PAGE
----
When someone says the words “I love you,” it’s very hard to know what is meant by that. To give you one example, some people associate love as a condition, as in, “I only love you as long as you buy me things.” Other people use the word love as unconditional love and I love you means there are no conditions attached. Often you see this type of love between a mother and her baby.
Context confusion is another common source of cross-cultural misunderstanding. Often the meaning of a situation is very very different depending on the culture one grew up in.
One of the more interesting cross-cultural differences relates to the role of the family in a business. In Asian cultures, having a family member in your business is a very important and commonly occurring phenomenon. However, in the West, family and business tend not to mix very well — like trying to mix water and oil. In an Asian context, small-medium enterprise is a vehicle where family members earn a living. In fact, there is an old saying that goes, “A Chinese business stops growing when the founder runs out of family.” But to the American way of thinking, employing family members leads to nepotism and business failure.
Serial and Spiral Logic
Comparing the thinking patterns of East and West, one sees a more serial, step-by-step, thinking process used in the West, while in the East there is a more indirect, spiral talk-around process. Some metaphors might be very helpful.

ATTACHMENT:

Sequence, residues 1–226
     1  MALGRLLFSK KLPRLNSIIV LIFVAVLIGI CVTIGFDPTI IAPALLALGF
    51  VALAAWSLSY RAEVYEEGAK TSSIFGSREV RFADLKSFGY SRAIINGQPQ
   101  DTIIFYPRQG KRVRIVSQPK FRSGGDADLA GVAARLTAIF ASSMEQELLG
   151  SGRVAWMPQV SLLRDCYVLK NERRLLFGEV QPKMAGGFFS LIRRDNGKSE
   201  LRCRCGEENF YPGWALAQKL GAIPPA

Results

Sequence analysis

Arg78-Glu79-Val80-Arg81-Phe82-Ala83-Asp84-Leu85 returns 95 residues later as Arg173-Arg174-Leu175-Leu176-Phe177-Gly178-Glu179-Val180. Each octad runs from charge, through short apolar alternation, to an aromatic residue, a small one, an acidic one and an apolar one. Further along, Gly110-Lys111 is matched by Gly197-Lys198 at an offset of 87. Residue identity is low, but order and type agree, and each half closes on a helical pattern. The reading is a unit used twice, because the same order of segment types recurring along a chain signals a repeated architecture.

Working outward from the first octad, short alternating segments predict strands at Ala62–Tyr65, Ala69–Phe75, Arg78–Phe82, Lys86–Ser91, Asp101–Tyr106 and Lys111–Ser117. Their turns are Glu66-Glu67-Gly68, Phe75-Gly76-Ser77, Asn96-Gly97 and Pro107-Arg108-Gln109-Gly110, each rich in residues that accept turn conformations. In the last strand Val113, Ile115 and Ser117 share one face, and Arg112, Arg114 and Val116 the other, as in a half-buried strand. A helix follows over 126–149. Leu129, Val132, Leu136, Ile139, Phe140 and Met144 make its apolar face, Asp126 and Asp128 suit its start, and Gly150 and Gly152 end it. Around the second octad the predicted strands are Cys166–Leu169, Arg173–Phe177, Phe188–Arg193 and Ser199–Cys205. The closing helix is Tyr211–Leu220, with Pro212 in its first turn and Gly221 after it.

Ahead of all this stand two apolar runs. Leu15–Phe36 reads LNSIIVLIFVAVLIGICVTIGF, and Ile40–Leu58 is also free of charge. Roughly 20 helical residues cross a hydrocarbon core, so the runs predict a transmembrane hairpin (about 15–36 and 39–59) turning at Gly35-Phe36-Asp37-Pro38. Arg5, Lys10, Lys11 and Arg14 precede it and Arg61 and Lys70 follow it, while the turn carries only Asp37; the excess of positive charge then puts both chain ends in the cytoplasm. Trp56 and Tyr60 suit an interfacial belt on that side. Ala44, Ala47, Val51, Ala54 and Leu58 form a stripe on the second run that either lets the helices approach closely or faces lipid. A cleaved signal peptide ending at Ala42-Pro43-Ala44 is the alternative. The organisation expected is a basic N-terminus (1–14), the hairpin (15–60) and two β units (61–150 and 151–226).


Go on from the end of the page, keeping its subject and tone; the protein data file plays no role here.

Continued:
If you’re going to shoot an arrow, you would want to hit the exact center of the target. In a conversation with serial logic, you start with the main point that you want to make and then elaborate. But in spiral logic, you first shoot around the center or the target, the bull’s-eye getting to the main point at some point. In the West, one might have a meeting with your boss and the first topic of conversation is a raise. But in the East, it may be 30 min. before salary comes up.
Hall, Edward (1966). The Silent Language. The Silent Language impacted the public, the scholarly community of intellectuals and social scientists, and Edward Hall’s career. The Silent Language was an impressively popular book, with 505,000 copies sold during the period from 1961 to 1969. Source: Wikipedia
Hall, Edward (1990). Understanding Cultural Differences: Germans, French, and Americans,
Moran, Robert (2010). Managing Cultural Difference: Global Leadership Strategies for Cross-Cultural Business Success Managing Cultural Differences.
Rogers, Everett M., Hart, William B., & Miike, Yoshitaka. (2002). “Edward T. Hall and the History of cross-cultural Communication: The United States and Japan.” Keio Communication Review, 24: 3-26.